Very insightful ...and a good lesson for anyone wishing to pursue their own dream...first define the dream and give it parameters.
Welcome to The Daily Muse’s first-ever essay contest, “My Biggest Mistake at My First Job—And What I Learned From It.” We were blown away by your stories, and we’ve narrowed them down to six amazing finalists. Read all of the entries here, then vote for your favorite!
I let out a heavy sigh and wondered why I always had to learn things the hard way. My brain automatically started reprimanding me. You weren’t prepared. You didn’t know your pricing. How could you confidently make a sales pitch when the product isn’t clearly defined? Not having the important pieces in place, especially for a new business, reflected a lack of preparedness and inexperience that would cause me to lose that deal and worse, ultimately, stall my success.
In retrospect, jumping right in to starting a business, instead of taking the time to create a business plan was my first mistake—it was also the biggest and most costly. A plan would have helped me to define and refine the basic core elements of the business as well as fill the knowledge gap between my job in finance and becoming an entrepreneur.
Starting my own business—which I knew nothing about—without the right infrastructure in place, made closing business deals and making revenue awkward and uncomfortable to say the least. It was the root of this lost deal and many of the subsequent mistakes I would make.
What I didn’t realize at the time was that my mantra, “just jump in and do it—figure it out as you go,” wasn’t necessarily the right recipe for being a successful entrepreneur. It was great if you wanted to start the six-month grueling training routine for the NYC marathon without putting it off (insert pat on back here—4:53:00). But eager, as always, to pursue my out-of-the-box ideas, I started my business.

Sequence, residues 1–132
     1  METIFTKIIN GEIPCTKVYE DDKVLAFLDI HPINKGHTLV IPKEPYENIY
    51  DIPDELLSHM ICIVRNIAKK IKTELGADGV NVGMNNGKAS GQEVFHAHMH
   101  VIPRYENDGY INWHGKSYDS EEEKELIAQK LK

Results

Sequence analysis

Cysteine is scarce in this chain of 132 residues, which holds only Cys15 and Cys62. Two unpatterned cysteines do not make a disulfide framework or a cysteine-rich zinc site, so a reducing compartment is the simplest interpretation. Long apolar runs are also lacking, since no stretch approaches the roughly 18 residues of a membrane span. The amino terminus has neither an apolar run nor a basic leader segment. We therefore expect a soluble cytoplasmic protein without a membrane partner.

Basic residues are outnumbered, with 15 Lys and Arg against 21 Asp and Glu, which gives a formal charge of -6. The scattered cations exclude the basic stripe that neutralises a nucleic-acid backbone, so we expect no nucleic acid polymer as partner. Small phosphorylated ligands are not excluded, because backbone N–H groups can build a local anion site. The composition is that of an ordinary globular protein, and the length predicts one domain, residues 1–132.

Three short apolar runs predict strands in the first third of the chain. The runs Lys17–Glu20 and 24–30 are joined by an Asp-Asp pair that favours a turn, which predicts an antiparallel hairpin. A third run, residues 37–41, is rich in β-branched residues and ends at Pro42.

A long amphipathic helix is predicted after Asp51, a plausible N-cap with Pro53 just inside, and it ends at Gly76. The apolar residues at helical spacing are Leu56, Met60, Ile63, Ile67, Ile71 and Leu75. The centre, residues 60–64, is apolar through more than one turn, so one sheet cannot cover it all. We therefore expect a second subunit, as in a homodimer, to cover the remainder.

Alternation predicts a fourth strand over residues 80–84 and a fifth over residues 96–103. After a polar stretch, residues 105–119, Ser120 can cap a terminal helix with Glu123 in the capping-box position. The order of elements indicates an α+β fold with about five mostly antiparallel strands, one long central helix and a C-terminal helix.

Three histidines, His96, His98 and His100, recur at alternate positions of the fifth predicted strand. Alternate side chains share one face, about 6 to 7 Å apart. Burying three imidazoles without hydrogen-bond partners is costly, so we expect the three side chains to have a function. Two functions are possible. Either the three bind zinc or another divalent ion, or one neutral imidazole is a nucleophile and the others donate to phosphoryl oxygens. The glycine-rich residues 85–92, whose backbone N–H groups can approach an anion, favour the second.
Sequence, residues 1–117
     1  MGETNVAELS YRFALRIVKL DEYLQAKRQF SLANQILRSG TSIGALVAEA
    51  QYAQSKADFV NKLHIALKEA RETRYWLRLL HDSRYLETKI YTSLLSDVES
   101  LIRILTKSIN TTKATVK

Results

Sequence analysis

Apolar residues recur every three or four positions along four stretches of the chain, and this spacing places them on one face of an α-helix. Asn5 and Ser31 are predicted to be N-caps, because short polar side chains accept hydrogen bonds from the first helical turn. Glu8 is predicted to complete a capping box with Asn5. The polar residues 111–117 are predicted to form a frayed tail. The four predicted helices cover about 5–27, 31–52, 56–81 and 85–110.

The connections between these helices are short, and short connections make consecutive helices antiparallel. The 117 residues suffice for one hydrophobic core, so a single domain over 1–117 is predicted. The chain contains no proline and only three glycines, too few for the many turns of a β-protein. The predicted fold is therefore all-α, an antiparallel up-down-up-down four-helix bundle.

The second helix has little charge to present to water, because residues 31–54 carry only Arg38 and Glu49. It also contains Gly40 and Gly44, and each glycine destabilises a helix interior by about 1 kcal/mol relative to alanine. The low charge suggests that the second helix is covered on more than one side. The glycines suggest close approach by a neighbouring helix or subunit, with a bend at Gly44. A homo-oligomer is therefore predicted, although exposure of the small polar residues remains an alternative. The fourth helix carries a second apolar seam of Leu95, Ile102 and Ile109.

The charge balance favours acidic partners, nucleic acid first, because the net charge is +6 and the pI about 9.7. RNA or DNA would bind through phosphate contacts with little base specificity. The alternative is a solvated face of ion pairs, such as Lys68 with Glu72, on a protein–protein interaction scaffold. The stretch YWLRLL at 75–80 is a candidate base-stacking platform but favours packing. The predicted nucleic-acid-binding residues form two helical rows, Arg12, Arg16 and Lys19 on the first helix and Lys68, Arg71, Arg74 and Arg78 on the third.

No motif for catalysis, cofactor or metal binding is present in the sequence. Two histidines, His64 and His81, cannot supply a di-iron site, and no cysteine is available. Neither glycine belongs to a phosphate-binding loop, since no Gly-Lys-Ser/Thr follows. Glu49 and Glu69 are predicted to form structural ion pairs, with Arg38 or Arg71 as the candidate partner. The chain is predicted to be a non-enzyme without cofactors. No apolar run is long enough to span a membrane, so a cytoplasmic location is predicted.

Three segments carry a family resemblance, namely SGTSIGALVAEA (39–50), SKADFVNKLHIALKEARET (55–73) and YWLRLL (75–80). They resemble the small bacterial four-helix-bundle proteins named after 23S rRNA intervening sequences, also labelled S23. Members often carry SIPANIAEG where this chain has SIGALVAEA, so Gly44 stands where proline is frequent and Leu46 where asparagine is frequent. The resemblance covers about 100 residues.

The great thing about just jumping right into something is that you capitalize on opportunities, don’t allow time to talk you out of doing something, and prevent the fear of failure from holding you back.
The downside to jumping right in is that sometimes when opportunity comes knocking, you can’t answer, or you do answer but the door quickly closes. Because just as people can see nervousness, they also sense unpreparedness and the lack of sophistication and understanding that accompany it. In my case, it was clear—and he chose to walk away!
Although I learn things the hard way, I must admit I did learn them—and am not apt to make the same mistake twice. Over the past 10 years, I have successfully grown my business to include a client list of global Fortune 500 companies, prestigious universities, and highly-respected national not-for-profits. Some of the other lessons that I learned, worth sharing, that stemmed from this first mistake are:
- Engage a mentor immediately. (Definition: a professional in your field, not a relative or friend!) Having someone of whom you can ask questions, and who can share techniques for doing things, is vital throughout the life of your business or career—especially in the early stages. This way you don’t have to reinvent the wheel each time or have “analysis paralysis” (too much thought and too little action) because you don’t know how to approach something.
- Know your product and its pricing. Know these aspects of your business as well as you know the songs on your iPod! Otherwise, potential clients may view your inconsistencies as misleading, untrustworthy, or unprofessional.
- Be aware. Arrogance and aggression are not the same as confidence and clarity. Many times, these emotions mask an inner feeling of incompetence or insecurity.
- Define your brand. You can’t be everything. You have to be something. Be the very best something. Staying true to yourself, and focusing on your set of standards, will help you to achieve respectability, and credibility.
- Stop! Recognize when you’re just too tired, or you just don’t get it, or you’re overwhelmed and find yourself being stagnant. When this happens, you’re spinning your wheels. Take a break, or ask for help. Wheels are made to go around in a circle—you always want to be moving forward.
Whether you have a business or are just starting your career, having a plan in place is key to your long-term professional success.